I usually also invite the person to attend Storytime (in my experience these volunteer wannabes are not people who actually attend programs) so they can see some of the ways I promote early literacy during the program, and offer to help them select books/show off our kits/takehome Storytime kits etc. for when they find a group to read to.
That being said, I would love to start a program to match seniors with young readers. World enough and time!
Hope that helps!
Abby (@abbylibrarian) says: We do not allow volunteers to do storytime, just for the reasons you stated. Storytime is part of our jobs and we have been professionally trained for it! If someone asks about reading to the kids, I might respond good-naturedly with “That’s what they pay us for!” and then explain the typical duties that we assign to volunteers (prepping craft pieces, cleaning toys, straightening bookshelves, etc.). Actually, our volunteers are now handled through our HR department, so we let her know what tasks we have and she contacts us when she gets people looking to volunteer. I now very rarely have to deal with these kinds of requests (and I think when we refer them to contact HR, very few of them actually do so… which might indicate what our volunteer attendance rate might be if we DID take them up on it…!).The one exception we have made is if a community member with special skills approaches me about partnering with us to provide a program, I have sometimes taken them up on it. For example, last year a volunteer offered several sign language storytimes and a couple of summers ago a volunteer partnered with us to do a Spanish language program. We have always had a staff person involved with the program, though, in addition to the volunteer. Also, these programs were in addition to (not replacing) our standard schedule of regular storytimes.
Kim (@LibrarianMarian) says:
Full disclosure, I’m a youth services provider and story time is listed as specifically mine job description, so our response is always “no” to well-meaning story tellers. As you say, Story time isn’t just “reading to kids.” Also, while I’m sure their grandchildren very much enjoy hearing story time on their lap, it’s a different thing to do it to full room of kids. Short of “auditioning” them as I did on my own job interview, how can you be sure how well they will do? We have had professional story tellers come in for special events as performers, but Story Time is a institution of the library and just for our staff.
Angela (@annavalley) says:
I work in a small rural library system that is always struggling to find funds for programming. We get many offers to do programs of all sorts. Our solution was to create a Program Suggestion/Presenter form. You can check it out here: http://www.valleylibrary.ca/main/index.php?pagecontentid=2232&demoid=1We have actually had a few people (mostly retired teachers or librarians) who have volunteered to do storytime, that we now contract with to do programs in several of our branches. We do interviews just like we would for our staff when we “hire” volunteers for programming; they also attend training sessions and staff continuing education days. I think it keeps it more professional and lessens that “anyone can do storytime” feeling you are worried about!
“I am working on my baby storytime plans (0-23 mos.) and while I have found many excellent resources for books, rhymes, songs, and fingerplays, I am a little at a loss when it comes to finding recorded music that I like. I usually play a song at the beginning of storytime while the caregivers and babies blow bubbles. Towards the end of storytime, I like to play a song while the children dance and sometimes play shakers or bells. What are your favorite music albums for baby storytime? I’m looking for songs with a good dancing beat especially.”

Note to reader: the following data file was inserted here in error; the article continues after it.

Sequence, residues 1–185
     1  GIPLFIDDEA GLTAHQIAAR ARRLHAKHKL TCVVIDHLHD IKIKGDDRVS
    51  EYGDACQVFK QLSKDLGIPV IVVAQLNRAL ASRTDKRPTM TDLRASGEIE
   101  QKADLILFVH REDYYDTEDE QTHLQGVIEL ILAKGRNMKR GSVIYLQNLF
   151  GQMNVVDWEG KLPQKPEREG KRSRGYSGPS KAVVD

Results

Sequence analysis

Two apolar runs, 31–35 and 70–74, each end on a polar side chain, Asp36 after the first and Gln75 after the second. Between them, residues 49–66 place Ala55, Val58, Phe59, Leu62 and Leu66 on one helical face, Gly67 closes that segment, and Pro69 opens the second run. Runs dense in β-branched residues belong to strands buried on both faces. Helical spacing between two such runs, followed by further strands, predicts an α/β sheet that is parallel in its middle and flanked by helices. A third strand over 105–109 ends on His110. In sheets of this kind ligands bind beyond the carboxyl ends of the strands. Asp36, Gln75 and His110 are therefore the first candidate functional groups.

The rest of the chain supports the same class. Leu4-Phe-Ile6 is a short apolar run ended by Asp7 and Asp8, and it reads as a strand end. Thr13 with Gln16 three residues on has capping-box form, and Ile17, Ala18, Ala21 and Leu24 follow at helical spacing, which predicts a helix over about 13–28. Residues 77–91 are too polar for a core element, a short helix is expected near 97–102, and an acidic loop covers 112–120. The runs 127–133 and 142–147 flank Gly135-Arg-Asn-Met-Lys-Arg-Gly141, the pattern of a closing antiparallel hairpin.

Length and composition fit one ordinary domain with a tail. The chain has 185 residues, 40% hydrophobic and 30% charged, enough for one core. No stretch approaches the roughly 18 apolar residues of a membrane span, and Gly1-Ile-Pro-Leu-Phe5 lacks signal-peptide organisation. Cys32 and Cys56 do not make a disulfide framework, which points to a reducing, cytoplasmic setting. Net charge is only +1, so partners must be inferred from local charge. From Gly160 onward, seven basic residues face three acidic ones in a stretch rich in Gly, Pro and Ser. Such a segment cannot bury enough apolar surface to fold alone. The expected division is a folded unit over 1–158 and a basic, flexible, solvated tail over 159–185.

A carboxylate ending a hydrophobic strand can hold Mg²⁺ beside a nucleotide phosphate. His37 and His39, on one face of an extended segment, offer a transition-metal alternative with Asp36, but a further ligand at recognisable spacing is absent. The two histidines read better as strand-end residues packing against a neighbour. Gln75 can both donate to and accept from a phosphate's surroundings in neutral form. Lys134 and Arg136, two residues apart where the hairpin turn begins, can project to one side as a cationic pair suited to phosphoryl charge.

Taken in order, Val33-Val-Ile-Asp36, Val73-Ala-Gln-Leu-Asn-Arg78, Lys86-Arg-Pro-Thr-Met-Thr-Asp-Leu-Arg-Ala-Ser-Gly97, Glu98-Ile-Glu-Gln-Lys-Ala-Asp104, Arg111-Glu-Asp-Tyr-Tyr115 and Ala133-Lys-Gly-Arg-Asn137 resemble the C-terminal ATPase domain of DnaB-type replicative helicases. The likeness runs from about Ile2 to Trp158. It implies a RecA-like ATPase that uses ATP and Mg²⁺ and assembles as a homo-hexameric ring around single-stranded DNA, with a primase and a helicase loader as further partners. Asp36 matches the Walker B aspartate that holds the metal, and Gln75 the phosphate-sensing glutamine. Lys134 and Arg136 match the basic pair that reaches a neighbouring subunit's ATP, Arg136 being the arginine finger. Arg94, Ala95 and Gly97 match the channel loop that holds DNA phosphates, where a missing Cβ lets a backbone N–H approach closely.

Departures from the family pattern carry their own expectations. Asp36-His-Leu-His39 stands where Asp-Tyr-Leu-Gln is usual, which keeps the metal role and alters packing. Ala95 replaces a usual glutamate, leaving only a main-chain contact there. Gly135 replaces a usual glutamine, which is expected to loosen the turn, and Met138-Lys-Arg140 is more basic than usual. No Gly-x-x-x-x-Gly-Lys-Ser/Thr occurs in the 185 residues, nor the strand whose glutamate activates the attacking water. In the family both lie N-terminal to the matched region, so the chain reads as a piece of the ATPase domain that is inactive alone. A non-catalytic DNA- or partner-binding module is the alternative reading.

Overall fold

Kim (@LibrarianMarian) says: Before and after baby story time, I play “Sesame Street Platinum Hits.” There are some really fun upbeat songs on there! I will also turn on Toddler Tunes or Toddler favorites, which are mostly the same fingerplays and songs that we do in baby lap time.
Emily (@PoesyGalore) says:
I have two songs I love for these moments. The first is “Boom Boom” by Robert Bobbert, which is lyric-less and joyful and can work at either end. You can hear it at Bobbert’s site (http://robbertbobbert.com/). It’s from the album Robert Bobbert and the Bubble Machine, and if your library subscribes to Freegal, it’s available for free download there.
The second is “Alligator Stomp”, an infectious cajun/zydeco classic you can find in lots of places. I use Anna Moo’s version from the compilation album “Classic Animal Songs” put out by Shout!Factory (you can hear a sample here: http://www.pandora.com/anna-moo-childrens/classic-animal-songs/alligator-stomp). This one isn’t appropriate for the beginning of storytime–it’s a wild one and might overwhelm–but it’s perfect for shaking bells or shakers to.
Kirby (@kirby_mcc) says:
My ‘go to’ albums are–
“Baby Face” by Georgiana Stewart
“Funsies volumes 1 & 2” by Hunk ta Bunk ta
“Baby-o” by MaryLee
“Baby Games” by Priscilla Hegner
Abby (@abbylibrarian) says: We use recorded music while we ring our bells in my baby storytime, so I’m always on the lookout for recorded music that I like! My top favorite right now is Caspar Babypants, who has a lot of upbeat, catchy songs. I especially find myself singing “Crawl” to myself all the time. (Also “Bad Blue Jay”.)I like a lot of the Putumayo Kids international CDs to add some diversity. I discovered Asheba, a reggae children’s singer, through them, and I love love love love his song “No More Monkeys”. You can find it on his album or on the Putumayo Animal Playground CD.Other artists I love: Ralph’s World, Laurie Berkner, Jim Gill (at my previous library we used “Alabama Mississippi” at every baby storytime), Elizabeth Mitchell (love “Zousan” and “Little Bird, Little Bird”). I have also been known to break out some Beatles and Beach Boys!
Kendra (@klmpeace) says: Ok, I have the benefit of seeing all the responses before answering (heh heh) so I’m going to second Caspar Babypants and say that he is now available on Freegal (YAY!). After storytime I play Splish Splash by Bobby Darin while blowing bubbles. Other albums I love: everything by Kathy Reid-Naiman (We’re Tapping is a favorite song for shakers during storytime), Neil Sedaka’s kid’s album Waking Up is Hard to Do (really easy to dance to and there are books for some of the songs, too). If you are looking for dance-type music specifically, check out my Dance Party pages here and here. There are playlists on both pages.